Date of Award
Bachelor of Arts
social, aesthetic, york, dress, material culture, fashion, victorian
This thesis explores the role of aesthetics and material culture in Edith Wharton’s 1920 novel The Age of Innocence and in Martin Scorsese’s 1993 film adaptation. In Wharton’s Old New York, material opulence is arguably the most essential aspect of culture. Newland Archer is the primary authority on fashion and taste within the narrative, and is thus charged with enforcing standards of socially constructed Victorian femininity with regard to his two romantic interests, May Welland and Ellen Olenska. Scorsese’s film uses mise-en-scène to echo the detail rich design aesthetic found in Wharton’s prose; however, the film’s abandonment of Newland’s distinctly masculine perspective in favor of a female narrator restructures the power dynamics found in Wharton’s narrative. Both the novel and film highlight society’s fetishizing of material culture, a systematic obsession rooted in the oppressive qualities of the Victorian social climate. For both the novel and the film, material opulence is powerful within society because it is the only form of self-expression and individual agency that the characters have access to given the standards of repression, especially for women. Materials can only represent identity and experience and are therefore meaningless. Wharton and Scorsese use their works to criticize the tyranny of materialism during the Victorian period.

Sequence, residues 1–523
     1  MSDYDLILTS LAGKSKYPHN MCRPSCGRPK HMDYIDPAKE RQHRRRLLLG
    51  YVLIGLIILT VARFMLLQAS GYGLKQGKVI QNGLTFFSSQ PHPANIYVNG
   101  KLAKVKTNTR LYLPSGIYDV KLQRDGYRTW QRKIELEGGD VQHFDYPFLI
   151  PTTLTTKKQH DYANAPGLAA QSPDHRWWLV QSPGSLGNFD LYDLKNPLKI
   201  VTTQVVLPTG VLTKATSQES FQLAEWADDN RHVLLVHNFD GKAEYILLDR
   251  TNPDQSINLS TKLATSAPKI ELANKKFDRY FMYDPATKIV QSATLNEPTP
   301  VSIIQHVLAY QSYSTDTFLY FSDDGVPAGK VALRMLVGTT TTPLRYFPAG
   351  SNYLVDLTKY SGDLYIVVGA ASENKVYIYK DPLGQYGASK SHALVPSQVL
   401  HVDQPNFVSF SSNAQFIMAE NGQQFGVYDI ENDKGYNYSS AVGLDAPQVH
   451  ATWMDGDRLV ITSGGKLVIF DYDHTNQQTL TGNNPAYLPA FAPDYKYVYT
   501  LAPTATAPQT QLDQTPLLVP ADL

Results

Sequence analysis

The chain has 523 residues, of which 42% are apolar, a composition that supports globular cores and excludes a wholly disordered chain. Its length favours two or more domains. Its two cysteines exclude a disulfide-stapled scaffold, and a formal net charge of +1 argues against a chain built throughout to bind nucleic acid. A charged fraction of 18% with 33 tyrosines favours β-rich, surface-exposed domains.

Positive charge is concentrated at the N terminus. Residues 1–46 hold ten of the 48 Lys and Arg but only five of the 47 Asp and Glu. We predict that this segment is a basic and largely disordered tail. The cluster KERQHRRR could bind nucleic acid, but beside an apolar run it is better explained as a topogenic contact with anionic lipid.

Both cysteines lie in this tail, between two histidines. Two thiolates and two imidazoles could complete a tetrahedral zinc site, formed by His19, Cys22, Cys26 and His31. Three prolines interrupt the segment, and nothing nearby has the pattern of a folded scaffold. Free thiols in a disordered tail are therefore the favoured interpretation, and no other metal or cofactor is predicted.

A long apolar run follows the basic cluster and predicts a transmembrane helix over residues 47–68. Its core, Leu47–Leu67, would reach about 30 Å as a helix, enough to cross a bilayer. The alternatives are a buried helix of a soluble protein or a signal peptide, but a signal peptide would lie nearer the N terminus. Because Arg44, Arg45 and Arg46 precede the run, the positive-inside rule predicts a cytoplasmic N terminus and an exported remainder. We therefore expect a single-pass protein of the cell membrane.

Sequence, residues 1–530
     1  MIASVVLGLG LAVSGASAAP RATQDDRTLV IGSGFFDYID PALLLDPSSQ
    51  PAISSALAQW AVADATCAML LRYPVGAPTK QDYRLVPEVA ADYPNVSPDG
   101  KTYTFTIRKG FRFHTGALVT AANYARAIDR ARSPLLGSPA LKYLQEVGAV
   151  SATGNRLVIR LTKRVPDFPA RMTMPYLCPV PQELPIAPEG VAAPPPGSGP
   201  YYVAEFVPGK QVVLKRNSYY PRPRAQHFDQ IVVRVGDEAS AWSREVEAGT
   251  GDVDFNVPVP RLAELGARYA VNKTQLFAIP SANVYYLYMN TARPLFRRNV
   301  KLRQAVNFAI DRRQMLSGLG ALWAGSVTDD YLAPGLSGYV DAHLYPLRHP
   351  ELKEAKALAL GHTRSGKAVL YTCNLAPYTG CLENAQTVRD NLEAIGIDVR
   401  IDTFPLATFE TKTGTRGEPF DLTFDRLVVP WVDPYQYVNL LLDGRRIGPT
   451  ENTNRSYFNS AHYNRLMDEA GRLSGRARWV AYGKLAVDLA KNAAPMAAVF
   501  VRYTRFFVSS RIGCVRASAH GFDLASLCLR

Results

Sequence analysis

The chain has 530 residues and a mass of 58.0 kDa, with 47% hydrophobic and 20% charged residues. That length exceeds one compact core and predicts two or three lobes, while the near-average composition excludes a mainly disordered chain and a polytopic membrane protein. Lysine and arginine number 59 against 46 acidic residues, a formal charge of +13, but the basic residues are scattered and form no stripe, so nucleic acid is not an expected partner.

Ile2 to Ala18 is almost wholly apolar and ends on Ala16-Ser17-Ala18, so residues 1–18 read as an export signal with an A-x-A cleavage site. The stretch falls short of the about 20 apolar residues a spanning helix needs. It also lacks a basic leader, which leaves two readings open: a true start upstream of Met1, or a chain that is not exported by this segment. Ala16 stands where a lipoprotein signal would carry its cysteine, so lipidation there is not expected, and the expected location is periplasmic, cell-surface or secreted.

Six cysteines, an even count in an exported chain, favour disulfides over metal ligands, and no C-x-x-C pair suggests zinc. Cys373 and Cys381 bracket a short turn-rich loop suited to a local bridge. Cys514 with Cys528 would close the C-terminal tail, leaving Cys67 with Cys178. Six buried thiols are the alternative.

Novitch, Avery, "'And I am a Material Girl': How Aesthetics and Material Culture Fashion Femininity in Edith Wharton's The Age of Innocence, from Text to Film" (2016). Honors Theses. 193.